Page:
Archbishop O’Brien said that Pope Benedict’s point echoes his predecessor.
“John Paul II’s great mantra was the respect for every human being made in the image and likeness of God,” the archbishop said. “This has always been the message of the church.
Archbishop O’Brien said it’s a message that needs to be brought home in a “throwaway culture.” He noted that too often we dispose of those whose life seems less valuable.
Father Damien said he would rather die with the lepers on Molokai than return to Honolulu and receive treatment for the disease. His willingness to make a sacrifice to be with those to whom he ministered was a powerful witness to all, Archbishop O’Brien noted.
He added that these saints’ lives showed they were not perfect and they realized that.
Only three American bishops were included among the concelebrants at the Mass, he said. Archbishop O’Brien believes he was invited because of the Little Sisters of the Poor’s early association with Baltimore; they have been present in the area for 140 years.
Bishop Larry Silva of Honolulu leads the diocese that was home to St. Damien’s ministry on Molokai. Archbishop Elden F. Curtiss, retired bishop of Omaha, Neb., played an important role in confirming the second miracle attributed to St. Jeanne, which took place in his archdiocese while he was its shepherd.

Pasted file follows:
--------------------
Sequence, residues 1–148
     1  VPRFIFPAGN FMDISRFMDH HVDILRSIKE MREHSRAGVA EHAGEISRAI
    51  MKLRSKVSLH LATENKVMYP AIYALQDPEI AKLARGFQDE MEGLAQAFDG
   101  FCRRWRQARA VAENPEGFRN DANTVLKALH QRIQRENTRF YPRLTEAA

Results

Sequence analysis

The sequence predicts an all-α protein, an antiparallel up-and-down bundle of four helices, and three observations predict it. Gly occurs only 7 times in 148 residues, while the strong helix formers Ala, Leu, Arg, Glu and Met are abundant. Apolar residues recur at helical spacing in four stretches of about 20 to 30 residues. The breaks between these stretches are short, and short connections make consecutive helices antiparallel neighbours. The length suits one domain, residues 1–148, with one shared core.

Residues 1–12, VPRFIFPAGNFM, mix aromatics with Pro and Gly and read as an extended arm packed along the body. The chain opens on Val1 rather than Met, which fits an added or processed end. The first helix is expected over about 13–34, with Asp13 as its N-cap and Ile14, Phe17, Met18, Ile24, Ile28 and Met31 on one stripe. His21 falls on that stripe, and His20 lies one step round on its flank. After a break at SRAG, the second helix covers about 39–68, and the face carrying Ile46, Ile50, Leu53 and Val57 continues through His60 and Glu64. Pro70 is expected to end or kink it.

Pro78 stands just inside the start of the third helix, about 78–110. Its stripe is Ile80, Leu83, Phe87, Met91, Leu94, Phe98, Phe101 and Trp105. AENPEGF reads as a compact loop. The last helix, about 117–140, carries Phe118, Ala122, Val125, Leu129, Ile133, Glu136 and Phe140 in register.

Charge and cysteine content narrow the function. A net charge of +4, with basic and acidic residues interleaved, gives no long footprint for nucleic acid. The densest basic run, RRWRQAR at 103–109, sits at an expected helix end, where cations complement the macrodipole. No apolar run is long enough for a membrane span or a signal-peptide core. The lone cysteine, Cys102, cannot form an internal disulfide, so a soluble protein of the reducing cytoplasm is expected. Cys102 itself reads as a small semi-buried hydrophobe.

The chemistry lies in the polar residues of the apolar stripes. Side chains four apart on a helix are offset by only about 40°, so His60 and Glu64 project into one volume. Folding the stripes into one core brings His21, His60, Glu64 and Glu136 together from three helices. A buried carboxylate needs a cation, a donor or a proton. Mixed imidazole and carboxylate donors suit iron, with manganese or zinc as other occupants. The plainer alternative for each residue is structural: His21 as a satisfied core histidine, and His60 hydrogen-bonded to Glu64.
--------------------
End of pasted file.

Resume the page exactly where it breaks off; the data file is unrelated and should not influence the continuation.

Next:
The saints’ lives inspired people from all around the world to come to Rome. Groups came from their homelands and places affected and inspired by their ministry.
Naomi Ohana of Oahu, Hawaii, was one of more than 500 people with the official pilgrimage from the Diocese of Honolulu attending the canonization. At a vigil prayer service in Rome the night before the canonization, she told The Catholic Review she cannot imagine what Father Damien went through.
“His faith in God was so strong,” Ohana said, “that’s what had to have carried him through every day from morning to evening.”
She said the message people today should take from St. Damien’s life is that one person can make a difference.
Father Jonathan Hurrell, a member of the Congregation of the Sacred Hearts of Jesus and Mary, the same order as Father Damien, said before the vigil service that Damien showed “there is a place for sacrifice, there is a place for caring for others. … There is a place for sacrificial love.”
Ellen McGloughlin of Arlington, Va., whose sister is a Little Sister of the Poor in New York and who was herself a member of the order until family health issues prompted her to leave the order, echoed the need of youths for inspiring examples. McGloughlin has worked as a chaplain at Georgetown University in Washington, where she found that young people “need to find a sense to their lives. … I find that’s what the kids are searching for.”
Mother Alice Marie, superior of the Little Sisters of the Poor at St. Martin’s Home for the Aged, said she hopes the message people take from the canonizations is to be open to God’s call. She noted that each of the new saints was in consecrated life in some way, either ordained or religious life. St. Jeanne’s mission was to grow in holiness in her love for God, she said.
“She was very open to whatever his will was for her when she saw the elderly poor.” That willingness to serve was lived out in her love and charity for the poor.
“I’m so grateful to be her daughter,” Mother Alice Marie said. “Now it’s time to live in the grace of the moment and grow in the love for her.”